fiction, poetry & more

Second Place
$100 Award


by Michael Pearce

Summer in Chicago and nearly a hundred outside but in the low-ceiling basement where we ran the four custom kilns all day the thermometer was always pushing 125 so we drank soda non-stop while stretching bottles, that’s right, pop bottles, Coke, Pepsi, 7Up, heated them up and stretched them so they became long and twisted and were labeled Pop Art Bottles and sold for $3.50 in Old Town hippie shops with names like Climax and Stick It In Your Ear and that meant a plump profit because you could exchange an empty bottle for five cents but these guys got them from the soda companies for eight cents, the extra cost no doubt because they were also paying for trademark on the product, these guys being Mickey, Stuart, and Sheldon, three Jewish guys from Skokie, and the basement operation was run by Duke and Ron, a black guy from the South Side and a white guy from Little Italy who got paid way more than the $1.30 an hour that I got and way way more than the $5 a day Stuart paid the speed freaks who wandered in every so often to pack the bottles in crates and who would work diligently for a day or two and then disappear for a week and such was the pecking order that I felt special making twice what they made even though I was getting minimum wage and had burns all over my arms and all they had was the occasional paper cut and one of the bottle-packing speed freaks was a girl named Lisa who was pretty with curly strawberry blond hair and when I got to know her I found out that Mickey would take her behind the crates during lunch hour and pay her three bucks for a blowjob (He sure likes to get his bottle stretched she said) and one time she showed me a little sketch pad with drawings and writings that were truly brilliant, I remember looking at her and thinking You made this? and later this kid Eddie got furious at her I think because she slept with him and then jilted him and he tore up the sketch pad and she said It’s kinda like you were tearing me up isn’t it and he said That’s right but she just changed the subject and said There’s this lesbian who’s in love with me and wants to take care of me but I’m not the lesbian type and I said I know you’re not and she said How could you know you never fucked me and she said it angrily, like she had desired me and I was too dumb and too shy to notice or do anything about it, and that broke my heart.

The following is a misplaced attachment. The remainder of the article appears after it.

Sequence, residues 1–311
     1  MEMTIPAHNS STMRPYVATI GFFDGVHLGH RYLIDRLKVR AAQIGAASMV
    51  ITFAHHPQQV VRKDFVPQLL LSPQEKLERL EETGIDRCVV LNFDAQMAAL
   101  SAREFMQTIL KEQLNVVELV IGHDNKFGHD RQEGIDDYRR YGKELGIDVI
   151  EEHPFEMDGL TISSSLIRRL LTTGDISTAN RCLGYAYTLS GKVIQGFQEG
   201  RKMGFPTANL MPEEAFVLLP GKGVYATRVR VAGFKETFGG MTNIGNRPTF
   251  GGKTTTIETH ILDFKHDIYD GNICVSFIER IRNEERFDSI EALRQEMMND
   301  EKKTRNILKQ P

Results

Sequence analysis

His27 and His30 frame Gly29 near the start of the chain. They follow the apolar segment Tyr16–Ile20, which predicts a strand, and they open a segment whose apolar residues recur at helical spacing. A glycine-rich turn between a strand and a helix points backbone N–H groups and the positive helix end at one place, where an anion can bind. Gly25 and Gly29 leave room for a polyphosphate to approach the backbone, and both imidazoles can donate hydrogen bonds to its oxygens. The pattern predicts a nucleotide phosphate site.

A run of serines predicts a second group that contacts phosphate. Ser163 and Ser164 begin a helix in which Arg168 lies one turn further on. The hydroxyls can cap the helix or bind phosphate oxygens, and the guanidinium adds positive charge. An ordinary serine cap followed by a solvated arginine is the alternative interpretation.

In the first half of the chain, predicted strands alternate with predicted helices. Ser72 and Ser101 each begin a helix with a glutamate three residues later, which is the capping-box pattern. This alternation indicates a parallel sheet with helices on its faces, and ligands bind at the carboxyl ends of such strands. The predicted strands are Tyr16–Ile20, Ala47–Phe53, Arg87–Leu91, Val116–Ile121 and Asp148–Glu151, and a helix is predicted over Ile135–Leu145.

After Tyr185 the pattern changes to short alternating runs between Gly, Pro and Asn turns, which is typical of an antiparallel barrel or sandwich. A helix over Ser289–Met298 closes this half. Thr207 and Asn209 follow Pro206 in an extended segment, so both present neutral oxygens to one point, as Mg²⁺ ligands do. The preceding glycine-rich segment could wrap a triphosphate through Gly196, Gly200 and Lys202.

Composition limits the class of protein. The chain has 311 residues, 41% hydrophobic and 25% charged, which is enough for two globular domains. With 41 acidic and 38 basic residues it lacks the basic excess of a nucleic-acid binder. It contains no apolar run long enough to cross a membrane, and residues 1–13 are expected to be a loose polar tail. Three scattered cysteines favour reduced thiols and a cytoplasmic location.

Michael Pearce’s stories and poems have appeared in Epoch, Ascent, Measure, Nimrod, Conjunctions, Witness, and elsewhere. He lives in Oakland, California, and plays saxophone in the Bay Area bands Highwater Blues and The Delta Dogs.

December 2013